Waiting for the Prodigal to Return
Lisa Cooke and Andrew Cooke

But now this is what the LORD says: “Do not weep any longer, for I will reward you,” says the LORD. “Your children will come back to you from the distant land of the enemy. There is hope for your future,” says the LORD. “Your children will come again to their own land.” – Jeremiah 31:16-17 (NLT)

Waiting for the Prodigal to ReturnAndrew: My name is Andrew, the son of Tony and Lisa Cooke. I was as prodigal as prodigal gets in my past, abusing drugs and alcohol, engaging in reckless behavior, and rebelling against anything that had to do with God or church.

If you are a parent, friend, or family member of someone who is rebelling and living a destructive lifestyle, never cease in praying for that person. Without a doubt, the only reason I am still breathing on this earth today is because of divine intervention, caused by prayer, during dangerous scenarios. This intercession kept me alive until I finally responded to God’s love and redemption.

Lisa: So many of us have at least one child who has wandered from the faith they were raised in from their birth. Many of those children were strong in their early devotion, praying beautiful little prayers and living lives that honored God. But somewhere along their journey, they began to let go of beliefs they had followed so earnestly. Our hearts were devastated as we watched them make choices that seem to take them farther and farther away from the life that we as parents had envisioned for them. We would soon come to the conclusion that we have a prodigal child—something we never anticipated.

And why would we anticipate such a thing? We raised those children in the nurture and the admonition of the Lord as best we knew how. We loved our children deeply and sacrificed ourselves for them. Surely this was enough to forestall any backsliding, right? We ask ourselves a million times, “How can this happen?” And the famous parental lament “Where did we go wrong?”

At first we blame our parenting, likely because it was something we feel we could have controlled. There’s nothing harder than to feel like something is out of our control. Accepting the fact that our children have a free will is the first step toward having a healthy perspective on how our child/children could wander away from the Truth. Something my husband and I have often shared with parents is the fact that Adam and Eve were the first prodigals. We would all agree that God is the perfect parent, but even His first “children” disobeyed His directives and did their own thing. Perfect parenting is not the prerequisite for avoiding “Prodigalism.”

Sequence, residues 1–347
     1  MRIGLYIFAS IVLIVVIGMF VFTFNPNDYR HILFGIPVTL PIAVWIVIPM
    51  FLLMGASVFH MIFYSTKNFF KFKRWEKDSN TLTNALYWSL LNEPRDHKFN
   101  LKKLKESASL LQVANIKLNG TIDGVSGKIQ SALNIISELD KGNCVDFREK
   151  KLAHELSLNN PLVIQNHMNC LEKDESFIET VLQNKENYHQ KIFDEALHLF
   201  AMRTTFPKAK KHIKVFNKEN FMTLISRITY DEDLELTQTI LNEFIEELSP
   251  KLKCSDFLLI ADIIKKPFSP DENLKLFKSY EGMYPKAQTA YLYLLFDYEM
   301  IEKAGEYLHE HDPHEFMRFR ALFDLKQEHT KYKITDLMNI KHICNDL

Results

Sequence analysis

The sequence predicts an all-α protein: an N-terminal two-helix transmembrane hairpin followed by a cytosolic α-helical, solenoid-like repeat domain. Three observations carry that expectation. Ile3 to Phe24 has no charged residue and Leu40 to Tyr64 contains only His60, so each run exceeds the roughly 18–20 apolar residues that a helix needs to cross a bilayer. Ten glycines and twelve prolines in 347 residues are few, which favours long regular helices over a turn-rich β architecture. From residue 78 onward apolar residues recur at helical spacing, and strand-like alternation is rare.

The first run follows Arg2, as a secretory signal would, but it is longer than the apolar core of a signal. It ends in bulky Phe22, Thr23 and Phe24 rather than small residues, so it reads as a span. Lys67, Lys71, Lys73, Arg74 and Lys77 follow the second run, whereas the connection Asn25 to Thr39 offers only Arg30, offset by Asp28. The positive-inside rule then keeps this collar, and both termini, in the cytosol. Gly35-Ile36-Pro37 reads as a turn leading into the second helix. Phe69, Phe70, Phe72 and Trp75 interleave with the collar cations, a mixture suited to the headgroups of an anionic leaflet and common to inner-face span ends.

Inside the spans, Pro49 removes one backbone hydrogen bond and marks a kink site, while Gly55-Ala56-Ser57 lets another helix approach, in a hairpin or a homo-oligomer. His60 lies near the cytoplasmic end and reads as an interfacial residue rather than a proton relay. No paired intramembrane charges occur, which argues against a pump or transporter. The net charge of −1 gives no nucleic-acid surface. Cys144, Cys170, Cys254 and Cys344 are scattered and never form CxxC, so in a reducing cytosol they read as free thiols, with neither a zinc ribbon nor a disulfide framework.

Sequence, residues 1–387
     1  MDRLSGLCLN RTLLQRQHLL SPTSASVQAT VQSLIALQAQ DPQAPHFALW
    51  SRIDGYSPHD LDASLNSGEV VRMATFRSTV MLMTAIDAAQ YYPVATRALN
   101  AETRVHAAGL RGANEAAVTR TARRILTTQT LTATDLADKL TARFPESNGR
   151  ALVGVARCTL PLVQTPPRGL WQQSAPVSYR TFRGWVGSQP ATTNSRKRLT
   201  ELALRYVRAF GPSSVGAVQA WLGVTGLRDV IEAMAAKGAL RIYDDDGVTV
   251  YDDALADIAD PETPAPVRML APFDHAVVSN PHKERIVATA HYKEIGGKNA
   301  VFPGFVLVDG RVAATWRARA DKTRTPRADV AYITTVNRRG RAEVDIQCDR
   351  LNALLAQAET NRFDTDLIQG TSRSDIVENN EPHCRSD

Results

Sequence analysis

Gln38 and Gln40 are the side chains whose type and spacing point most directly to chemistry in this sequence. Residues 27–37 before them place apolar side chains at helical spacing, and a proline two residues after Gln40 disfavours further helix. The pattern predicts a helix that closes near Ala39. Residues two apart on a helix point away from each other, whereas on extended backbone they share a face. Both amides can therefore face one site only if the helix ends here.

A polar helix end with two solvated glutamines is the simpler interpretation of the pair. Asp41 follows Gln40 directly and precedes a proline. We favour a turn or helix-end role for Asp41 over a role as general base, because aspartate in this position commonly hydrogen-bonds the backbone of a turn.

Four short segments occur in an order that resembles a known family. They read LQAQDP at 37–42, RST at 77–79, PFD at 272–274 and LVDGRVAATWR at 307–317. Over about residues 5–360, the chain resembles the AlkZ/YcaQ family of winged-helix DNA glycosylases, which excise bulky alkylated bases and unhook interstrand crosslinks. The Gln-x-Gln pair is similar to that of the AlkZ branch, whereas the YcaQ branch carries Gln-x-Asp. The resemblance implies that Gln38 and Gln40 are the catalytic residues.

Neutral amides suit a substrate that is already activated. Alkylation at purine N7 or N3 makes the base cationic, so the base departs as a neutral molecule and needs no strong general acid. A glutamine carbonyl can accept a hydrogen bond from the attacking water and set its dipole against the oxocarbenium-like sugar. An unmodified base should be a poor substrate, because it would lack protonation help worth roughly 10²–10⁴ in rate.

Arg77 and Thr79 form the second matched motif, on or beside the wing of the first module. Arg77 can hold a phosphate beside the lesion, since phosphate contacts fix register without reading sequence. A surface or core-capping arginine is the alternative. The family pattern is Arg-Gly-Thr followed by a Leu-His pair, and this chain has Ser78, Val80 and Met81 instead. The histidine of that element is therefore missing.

Wise parenting, however, is the attainable goal we should all seek. It is reasonable and scriptural to be wise, with many scriptures encouraging us that God will give us the needed wisdom, the most obvious one being James 1:5. Wise parenting realizes not everything is under our control. Wise parenting realizes that we can’t always make things happen the way we want them to. Wise parenting learns to trust the Father’s love for our children in such a way that we are able to believe that “God’s Got This,” even when circumstances and situations indicate otherwise.

I think the hardest thing for a parent to do is to daily watch the decline of our children’s lives as they make wrong decisions, as they suffer the consequences of those decisions. We are so tempted to rescue them from their self-made messes, but is that wisdom? At times mercy is called for, at other times, rescuing only hinders the process. This is where the wisdom of God is so needful, and it is given on an individual basis. What is needed for one child may not be needed for another child. What is needed in one situation may not be required for another situation. Close listening to wisdom from God is the only way to discern what to do in any given situation. But the good news is that God wants to empower our parenting with His wisdom, so we need not fear that He won’t answer our prayers for that wisdom. Believe that you receive from the One who “gives generously to all without reproach” (James 1:5).